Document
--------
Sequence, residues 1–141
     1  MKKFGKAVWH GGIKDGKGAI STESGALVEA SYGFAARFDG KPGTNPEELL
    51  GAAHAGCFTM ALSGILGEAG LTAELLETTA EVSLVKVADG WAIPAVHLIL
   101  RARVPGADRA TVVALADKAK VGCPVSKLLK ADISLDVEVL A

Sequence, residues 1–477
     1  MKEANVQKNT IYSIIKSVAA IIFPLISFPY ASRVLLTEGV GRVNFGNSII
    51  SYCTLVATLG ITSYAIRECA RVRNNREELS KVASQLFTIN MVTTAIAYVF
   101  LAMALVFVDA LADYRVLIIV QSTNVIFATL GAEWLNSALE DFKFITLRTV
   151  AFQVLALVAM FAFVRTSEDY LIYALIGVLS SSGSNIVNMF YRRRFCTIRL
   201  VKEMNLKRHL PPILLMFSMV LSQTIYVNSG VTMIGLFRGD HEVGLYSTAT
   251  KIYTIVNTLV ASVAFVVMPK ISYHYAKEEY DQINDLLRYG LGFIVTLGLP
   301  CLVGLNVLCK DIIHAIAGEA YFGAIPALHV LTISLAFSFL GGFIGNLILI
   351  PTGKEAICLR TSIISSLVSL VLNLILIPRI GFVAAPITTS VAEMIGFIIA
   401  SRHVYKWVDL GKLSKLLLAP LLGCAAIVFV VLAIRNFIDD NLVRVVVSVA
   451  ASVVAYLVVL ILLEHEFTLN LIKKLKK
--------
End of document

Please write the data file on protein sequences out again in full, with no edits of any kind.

Sequence, residues 1–141
     1  MKKFGKAVWH GGIKDGKGAI STESGALVEA SYGFAARFDG KPGTNPEELL
    51  GAAHAGCFTM ALSGILGEAG LTAELLETTA EVSLVKVADG WAIPAVHLIL
   101  RARVPGADRA TVVALADKAK VGCPVSKLLK ADISLDVEVL A

Sequence, residues 1–477
     1  MKEANVQKNT IYSIIKSVAA IIFPLISFPY ASRVLLTEGV GRVNFGNSII
    51  SYCTLVATLG ITSYAIRECA RVRNNREELS KVASQLFTIN MVTTAIAYVF
   101  LAMALVFVDA LADYRVLIIV QSTNVIFATL GAEWLNSALE DFKFITLRTV
   151  AFQVLALVAM FAFVRTSEDY LIYALIGVLS SSGSNIVNMF YRRRFCTIRL
   201  VKEMNLKRHL PPILLMFSMV LSQTIYVNSG VTMIGLFRGD HEVGLYSTAT
   251  KIYTIVNTLV ASVAFVVMPK ISYHYAKEEY DQINDLLRYG LGFIVTLGLP
   301  CLVGLNVLCK DIIHAIAGEA YFGAIPALHV LTISLAFSFL GGFIGNLILI
   351  PTGKEAICLR TSIISSLVSL VLNLILIPRI GFVAAPITTS VAEMIGFIIA
   401  SRHVYKWVDL GKLSKLLLAP LLGCAAIVFV VLAIRNFIDD NLVRVVVSVA
   451  ASVVAYLVVL ILLEHEFTLN LIKKLKK